Topics: weld camera, Education, High Dynamic Range, manufacturing, applications, XVC Weld Camera, HDR, weld camera system, consistent, inspection

Using Cameras When Welding Spiral Pipe Part 3: Post Weld Inspection

Posted by Cornelius Sawatzky on Monday, December 04, 2017 @ 03:16 PM

Following sub arc welding on the inside and outside of a helically welded pipe, the pipe must undergo inspection to be prepared for further processing or service in the field. This preparation step includes rigorous inspection and testing procedures, repair of defects, and application of anti-corrosion coatings before the pipe enters service.

 

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Post-weld Scarfing in helical sub arc welding

Traditionally, post-weld inspection is done manually by an operator who walks around the exterior of the pipe or crawls through it as part of an offline process. The operator is responsible for identifying any weld undercut, incorrect weld wetting angles, or insufficient or excessive weld bead material from the process.  It is not only time consuming, but it relies on the operator to be consistent to be able to catch all defects in the product.

A better solution is to use automatic inspection equipment such as the Xiris WI3000 weld inspection system, which can profile the entire weld bead after the flux has been removed or fallen away to detect problems sooner in the process.  Usually used as an inline inspection tool post-weld, the WI3000 can also be used to provide the operator with feedback to make corrections reducing additional defects while marking the location of a defect to expedite the repair process.

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Laser Bead Profile of a Weld Bead with a Too Steep Slope on the Right Side of the Bead

Information from the laser sensor is transmitted to a single image-processing system, allowing the operator to identify and control the welding parameters.   The end result is a better, more objective measurement of the weld bead inspection process in advance of use of the pipe in the field.

Xiris Automation offers a full suite of products for your helical sub arc welding (HSAW) process. From the control and quality assurance of the initial forming and tacking stage by the XVC-1000, through the remote monitoring of process parameters during full-seam sub arc welding by the XVC-S, and the post-welding and post-scarfing inspection by the WI-3000, Xiris provides operators with the tools they need to prepare the highest-quality products they can.

To learn more about how Xiris Automation’s full suite of turnkey solutions can improve the quality and yield of your HSAW manufacturing process, contact one of our technical specialists today.

 

Topics: High Dynamic Range, Tube and Pipe welding, submerged arc welding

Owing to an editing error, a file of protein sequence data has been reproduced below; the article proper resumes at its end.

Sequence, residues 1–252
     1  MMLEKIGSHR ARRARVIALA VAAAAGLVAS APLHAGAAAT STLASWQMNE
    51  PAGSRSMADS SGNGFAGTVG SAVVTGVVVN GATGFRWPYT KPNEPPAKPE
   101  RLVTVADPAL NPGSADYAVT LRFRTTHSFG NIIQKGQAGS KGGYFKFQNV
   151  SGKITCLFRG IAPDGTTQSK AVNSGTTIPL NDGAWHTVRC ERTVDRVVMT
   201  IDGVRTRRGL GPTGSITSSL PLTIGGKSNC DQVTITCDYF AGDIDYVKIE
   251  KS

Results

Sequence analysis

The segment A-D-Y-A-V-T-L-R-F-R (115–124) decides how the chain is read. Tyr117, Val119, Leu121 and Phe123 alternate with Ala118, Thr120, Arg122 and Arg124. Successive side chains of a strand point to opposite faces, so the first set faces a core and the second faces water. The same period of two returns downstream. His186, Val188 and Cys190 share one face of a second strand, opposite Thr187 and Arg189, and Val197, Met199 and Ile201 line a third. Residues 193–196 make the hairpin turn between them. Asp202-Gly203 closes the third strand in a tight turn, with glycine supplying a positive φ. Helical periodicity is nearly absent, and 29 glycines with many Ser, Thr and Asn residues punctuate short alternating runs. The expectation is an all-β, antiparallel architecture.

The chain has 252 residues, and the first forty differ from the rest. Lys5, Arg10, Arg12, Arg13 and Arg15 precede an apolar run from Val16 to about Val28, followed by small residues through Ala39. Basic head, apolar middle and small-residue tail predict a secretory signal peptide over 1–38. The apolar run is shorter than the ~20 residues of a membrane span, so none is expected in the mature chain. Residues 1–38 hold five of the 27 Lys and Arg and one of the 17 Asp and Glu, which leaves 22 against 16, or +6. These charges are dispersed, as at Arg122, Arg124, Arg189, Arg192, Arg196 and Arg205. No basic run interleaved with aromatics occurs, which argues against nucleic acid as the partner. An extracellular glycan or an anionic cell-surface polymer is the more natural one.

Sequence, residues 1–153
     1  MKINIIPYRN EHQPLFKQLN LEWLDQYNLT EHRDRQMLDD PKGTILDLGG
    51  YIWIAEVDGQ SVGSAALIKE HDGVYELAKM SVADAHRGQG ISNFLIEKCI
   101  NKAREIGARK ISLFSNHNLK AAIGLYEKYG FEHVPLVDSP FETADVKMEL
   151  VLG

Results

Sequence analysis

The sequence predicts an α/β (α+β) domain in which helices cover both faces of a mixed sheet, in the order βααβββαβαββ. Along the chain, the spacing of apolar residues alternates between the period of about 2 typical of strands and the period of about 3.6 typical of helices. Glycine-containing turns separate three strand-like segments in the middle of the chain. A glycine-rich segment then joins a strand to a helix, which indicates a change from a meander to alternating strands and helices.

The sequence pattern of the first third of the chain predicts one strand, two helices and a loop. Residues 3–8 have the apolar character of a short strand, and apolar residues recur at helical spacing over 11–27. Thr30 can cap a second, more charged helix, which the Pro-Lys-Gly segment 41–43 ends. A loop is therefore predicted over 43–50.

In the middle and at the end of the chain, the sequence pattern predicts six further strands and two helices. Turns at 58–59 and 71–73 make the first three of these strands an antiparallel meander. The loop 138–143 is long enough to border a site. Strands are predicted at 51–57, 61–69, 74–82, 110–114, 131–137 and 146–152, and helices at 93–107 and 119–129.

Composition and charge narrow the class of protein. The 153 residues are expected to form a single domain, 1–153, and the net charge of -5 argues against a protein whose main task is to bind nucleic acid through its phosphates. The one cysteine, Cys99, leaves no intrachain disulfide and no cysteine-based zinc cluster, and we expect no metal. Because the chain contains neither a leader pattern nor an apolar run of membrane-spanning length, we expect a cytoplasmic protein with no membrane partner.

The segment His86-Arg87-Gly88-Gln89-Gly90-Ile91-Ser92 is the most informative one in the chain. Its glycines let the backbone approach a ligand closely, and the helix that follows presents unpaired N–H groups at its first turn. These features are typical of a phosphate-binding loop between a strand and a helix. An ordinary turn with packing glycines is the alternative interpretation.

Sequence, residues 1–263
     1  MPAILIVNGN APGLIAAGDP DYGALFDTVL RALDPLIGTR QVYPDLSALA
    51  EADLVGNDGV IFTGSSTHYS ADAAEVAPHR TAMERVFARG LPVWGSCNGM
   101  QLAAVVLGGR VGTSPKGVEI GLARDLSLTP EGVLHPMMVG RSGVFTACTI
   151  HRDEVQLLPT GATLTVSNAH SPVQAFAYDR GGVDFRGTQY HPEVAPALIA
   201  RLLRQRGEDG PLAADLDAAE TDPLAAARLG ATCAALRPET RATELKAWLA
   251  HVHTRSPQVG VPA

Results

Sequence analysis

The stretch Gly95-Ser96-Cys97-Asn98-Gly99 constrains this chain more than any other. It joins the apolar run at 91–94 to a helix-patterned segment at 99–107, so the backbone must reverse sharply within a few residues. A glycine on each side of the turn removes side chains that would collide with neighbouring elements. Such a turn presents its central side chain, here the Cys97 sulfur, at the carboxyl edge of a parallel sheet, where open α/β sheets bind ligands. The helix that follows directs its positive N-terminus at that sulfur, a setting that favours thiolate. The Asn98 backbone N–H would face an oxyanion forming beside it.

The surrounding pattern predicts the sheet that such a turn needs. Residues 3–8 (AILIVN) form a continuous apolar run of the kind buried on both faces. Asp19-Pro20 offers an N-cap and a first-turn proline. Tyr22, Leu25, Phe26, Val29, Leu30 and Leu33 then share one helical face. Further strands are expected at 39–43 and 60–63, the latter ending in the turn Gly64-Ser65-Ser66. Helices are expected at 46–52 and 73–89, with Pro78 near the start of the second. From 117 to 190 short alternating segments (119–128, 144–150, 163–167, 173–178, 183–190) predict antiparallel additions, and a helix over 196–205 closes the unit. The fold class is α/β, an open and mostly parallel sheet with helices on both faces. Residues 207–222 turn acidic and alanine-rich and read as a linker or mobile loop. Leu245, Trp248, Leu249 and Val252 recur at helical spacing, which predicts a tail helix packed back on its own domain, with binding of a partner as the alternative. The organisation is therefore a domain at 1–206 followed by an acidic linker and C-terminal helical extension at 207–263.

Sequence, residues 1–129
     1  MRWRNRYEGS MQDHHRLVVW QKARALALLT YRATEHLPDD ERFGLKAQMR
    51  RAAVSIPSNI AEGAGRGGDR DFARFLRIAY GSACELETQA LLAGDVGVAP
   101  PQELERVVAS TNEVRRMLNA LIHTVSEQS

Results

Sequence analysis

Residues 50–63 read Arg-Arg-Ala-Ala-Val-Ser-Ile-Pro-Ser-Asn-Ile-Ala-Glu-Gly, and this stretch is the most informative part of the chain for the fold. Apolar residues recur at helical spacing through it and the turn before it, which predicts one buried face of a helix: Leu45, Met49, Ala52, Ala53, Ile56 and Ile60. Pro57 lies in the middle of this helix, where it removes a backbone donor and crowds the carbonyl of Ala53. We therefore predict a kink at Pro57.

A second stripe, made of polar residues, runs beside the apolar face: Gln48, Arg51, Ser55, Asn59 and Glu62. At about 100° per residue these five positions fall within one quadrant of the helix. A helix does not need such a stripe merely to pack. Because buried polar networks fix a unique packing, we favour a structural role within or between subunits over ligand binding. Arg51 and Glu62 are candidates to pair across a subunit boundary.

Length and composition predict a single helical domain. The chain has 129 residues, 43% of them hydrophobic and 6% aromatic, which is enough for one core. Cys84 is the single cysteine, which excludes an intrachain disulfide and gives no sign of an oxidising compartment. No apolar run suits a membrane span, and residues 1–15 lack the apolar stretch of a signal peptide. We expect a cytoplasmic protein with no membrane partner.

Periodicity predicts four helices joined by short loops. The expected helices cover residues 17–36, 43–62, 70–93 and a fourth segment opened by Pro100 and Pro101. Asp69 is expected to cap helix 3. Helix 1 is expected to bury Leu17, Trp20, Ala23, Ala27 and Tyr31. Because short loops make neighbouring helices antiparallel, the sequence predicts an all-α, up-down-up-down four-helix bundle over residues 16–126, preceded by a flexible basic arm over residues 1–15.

How to Make Metal AM Process Adjustments in Real Time

Posted by Catherine Cline on Thursday, November 02, 2017 @ 11:31 AM

Research and Development is a crucial element of success in Metal Additive Manufacturing. However, R&D has traditionally been expensive and highly time-consuming.

A primary cause of this cost and time is that Metal AM machine operators cannot make adjustments to a first-run part in real time. Engineers must wait for the build of the entire part before they can test and analyze it. This process results in excess time—stopping the machine to make adjustments, testing and analyzing after the first run, and future runs after post-run adjustments are made. Each additional run also drives up materials’ costs and involves costly, time-consuming stoppages for reprogramming new runs.

The powder feed/ droplet formation in Metal Additive Manufacturing as seen with Xiris Weld CameraMAM like you have never seen it_Page 6_Top Image_powder feed droplet formation.png

Fortunately, this cost/time problem can be minimized. You no longer need to wait to test and analyze first-run Metal AM parts until they are completed. Recent developments in software and camera technology are allowing operators to use High Dynamic Range (HDR) weld cameras to make adjustments to a part in real time during the initial run. Process engineers can also monitor the sequence and program in real-time adjustments.

By integrating HDR weld cameras into the Metal AM machine, operators in any setup can get clear, high-contrast views of the torch and wire (or powder flow) and their alignment to the process and other material settings. Operators can monitor material inputs and achieve ideal conditions on a consistent basis throughout the process, without stopping the machine.

Xiris’s HDR weld cameras feature the latest software and camera technology. Using our cameras, operators can monitor the weld torch, its immediate background, and material deposits from previous machine passes—with a level of visibility that has never been possible before. Importantly, this visibility is even greater than when operators are situated close enough to the Metal AM process to see it with their own eyes. Our HDR weld cameras not only allow operators to see more detail, they eliminate the danger and labor time involved with manual monitoring.

Often, due to thermal stresses, a deposited layer of material can start to warp. To compensate, operators can use the clear images from the HDR weld cameras to make precise adjustments to align the torch, wire and/or powder to the warped material, optimizing material alignment and overlap during challenging Metal AM layer deposition.

After an initial run, process engineers can use the recorded video from the HDR weld camera, in conjunction with data from other quality systems, to review the material deposition and resolve issues more quickly than waiting for traditional testing and analysis to take place when the part has been completed. For example, if a layer is deposited with significant porosity, it may only be detected if the operator is using HDR cameras to monitor the melt process. Without such tools, porosity in the material could only be detected by a form of destructive testing after the part has been completed.

Summary

Metal AM machine operators can use HDR weld cameras to monitor the initial build of a Metal AM part, providing them with immediate feedback, rather than waiting for the build of an entire part before inspecting, testing, and analyzing it. The result is decreased build times, less engineering/operator cost, and lower materials’ costs. These benefits make the latest in HDR weld cameras a valuable, cost-effective tool in any R&D process for Metal AM.

Topics: High Dynamic Range, metal, additive manufacturing